Category Archives: 2007

Nummer 1


A.K.L. THIJS

Naar een tweetalig volkskundig tijdschrift? Emile van Heurck (1871-1931) en de heroprichting van Volkskunde na de eerste wereldoorlog

Summary: On to a popular bilingual magazine? Emile Van Heurck (1871-1931) and the re-establishment of Volkskunde after WO I.
In 1919, Eugène de Bock of the publishing house De Sikkel tried to start again with the magazine Volkskunde (of which the issue was discontinued at the beginning of the war). The influential French speaking popular analyst however required that the illustrated magazine would be as of now entirely bilingual. This demand caused the negotiations with the Flemish disposed E. de Bock to fail. In 1920 the magazine appeared again. It was edited by a private person, Victor de Meyere, an urban civil servant at the Museum for Folklore in Antwerp. The new editorial staff comprised, among others, Emile van Heurck who, against his will, had to accept that the magazine remained nevertheless monolingual Dutch. In the meantime, the opportunity to let De Sikkel absorb Volkskunde into its trust was missed. De Sikkel, a young, dynamically and professionally led publishing house would have undoubtedly given the magazine more standing and even an international fame.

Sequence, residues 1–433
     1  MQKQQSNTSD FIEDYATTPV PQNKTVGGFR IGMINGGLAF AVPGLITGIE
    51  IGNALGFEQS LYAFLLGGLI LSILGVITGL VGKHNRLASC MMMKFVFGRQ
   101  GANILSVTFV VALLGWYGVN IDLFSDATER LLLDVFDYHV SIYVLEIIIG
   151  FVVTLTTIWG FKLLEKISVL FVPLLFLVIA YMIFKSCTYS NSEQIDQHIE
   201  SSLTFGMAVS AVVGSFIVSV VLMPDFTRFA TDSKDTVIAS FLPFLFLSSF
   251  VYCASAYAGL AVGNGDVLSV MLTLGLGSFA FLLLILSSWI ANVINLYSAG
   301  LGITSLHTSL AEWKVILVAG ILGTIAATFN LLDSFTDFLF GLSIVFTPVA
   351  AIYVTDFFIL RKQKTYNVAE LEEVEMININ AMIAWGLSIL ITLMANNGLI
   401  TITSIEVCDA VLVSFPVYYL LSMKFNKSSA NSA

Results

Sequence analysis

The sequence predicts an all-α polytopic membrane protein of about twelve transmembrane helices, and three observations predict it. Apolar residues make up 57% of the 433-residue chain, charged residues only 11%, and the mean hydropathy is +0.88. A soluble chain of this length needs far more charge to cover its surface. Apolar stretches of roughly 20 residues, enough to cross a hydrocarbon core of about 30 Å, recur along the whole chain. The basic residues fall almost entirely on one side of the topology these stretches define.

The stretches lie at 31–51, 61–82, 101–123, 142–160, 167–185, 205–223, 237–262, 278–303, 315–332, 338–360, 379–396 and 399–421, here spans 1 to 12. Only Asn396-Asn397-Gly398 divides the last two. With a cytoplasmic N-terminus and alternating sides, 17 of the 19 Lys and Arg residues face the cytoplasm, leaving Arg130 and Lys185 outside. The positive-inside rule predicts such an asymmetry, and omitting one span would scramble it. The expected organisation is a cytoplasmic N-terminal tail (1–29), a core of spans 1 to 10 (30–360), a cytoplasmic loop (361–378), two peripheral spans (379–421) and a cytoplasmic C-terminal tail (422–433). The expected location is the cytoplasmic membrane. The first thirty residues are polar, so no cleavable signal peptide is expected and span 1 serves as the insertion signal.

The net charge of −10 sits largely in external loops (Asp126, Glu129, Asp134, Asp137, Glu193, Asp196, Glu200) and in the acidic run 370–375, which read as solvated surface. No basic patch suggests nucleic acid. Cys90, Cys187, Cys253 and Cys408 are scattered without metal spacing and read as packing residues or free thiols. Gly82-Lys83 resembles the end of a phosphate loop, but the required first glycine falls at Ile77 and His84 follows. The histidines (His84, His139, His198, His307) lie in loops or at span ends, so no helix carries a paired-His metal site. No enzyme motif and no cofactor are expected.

E. de Bock would have certainly involved youngsters, like a Maurits de Meyer, into the editing. Thus, during the interbellum, Volkskunde would not have degraded into a suffering one-man-cause in the hands of a well-meaning but as an editor-publisher not entirely capable V. De Meyere.

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A.VAN DER ZEIJDEN

Beelden van de natie: volkscultuur en folklore op Nederlandse en Belgische postzegels in comparatief perspectief

Summary: portraits of the nation. Folklore on Dutch and Belgian stamps: a comparative approach
Portraits on stamps are icons which are used to symbolize national identity. This article focuses on folklore on Dutch and Belgian stamps. Starting point is a hypothesis of Herman Roodenburg. According to Roodenburg old and ‘strong’ nations, like the Netherlands, identify themselves with ‘higher culture’, whereas young and ‘weak’ nations as Belgium more often fall back on icons derived from folklore.